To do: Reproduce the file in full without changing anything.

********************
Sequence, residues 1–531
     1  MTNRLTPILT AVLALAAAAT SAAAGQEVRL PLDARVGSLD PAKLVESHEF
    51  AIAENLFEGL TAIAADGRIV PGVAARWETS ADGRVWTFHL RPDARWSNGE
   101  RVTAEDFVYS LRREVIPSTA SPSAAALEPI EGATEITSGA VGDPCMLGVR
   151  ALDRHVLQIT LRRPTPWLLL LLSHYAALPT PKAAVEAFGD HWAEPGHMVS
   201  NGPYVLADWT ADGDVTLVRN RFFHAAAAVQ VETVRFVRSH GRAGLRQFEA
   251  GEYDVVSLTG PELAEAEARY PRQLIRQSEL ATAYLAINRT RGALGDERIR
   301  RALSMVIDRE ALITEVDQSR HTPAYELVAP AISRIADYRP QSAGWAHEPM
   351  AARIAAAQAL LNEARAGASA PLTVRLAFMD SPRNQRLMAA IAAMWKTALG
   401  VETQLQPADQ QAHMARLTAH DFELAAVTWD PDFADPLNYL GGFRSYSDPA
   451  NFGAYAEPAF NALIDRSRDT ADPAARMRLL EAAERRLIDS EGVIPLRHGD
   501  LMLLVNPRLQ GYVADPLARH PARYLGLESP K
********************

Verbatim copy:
Sequence, residues 1–531
     1  MTNRLTPILT AVLALAAAAT SAAAGQEVRL PLDARVGSLD PAKLVESHEF
    51  AIAENLFEGL TAIAADGRIV PGVAARWETS ADGRVWTFHL RPDARWSNGE
   101  RVTAEDFVYS LRREVIPSTA SPSAAALEPI EGATEITSGA VGDPCMLGVR
   151  ALDRHVLQIT LRRPTPWLLL LLSHYAALPT PKAAVEAFGD HWAEPGHMVS
   201  NGPYVLADWT ADGDVTLVRN RFFHAAAAVQ VETVRFVRSH GRAGLRQFEA
   251  GEYDVVSLTG PELAEAEARY PRQLIRQSEL ATAYLAINRT RGALGDERIR
   301  RALSMVIDRE ALITEVDQSR HTPAYELVAP AISRIADYRP QSAGWAHEPM
   351  AARIAAAQAL LNEARAGASA PLTVRLAFMD SPRNQRLMAA IAAMWKTALG
   401  VETQLQPADQ QAHMARLTAH DFELAAVTWD PDFADPLNYL GGFRSYSDPA
   451  NFGAYAEPAF NALIDRSRDT ADPAARMRLL EAAERRLIDS EGVIPLRHGD
   501  LMLLVNPRLQ GYVADPLARH PARYLGLESP K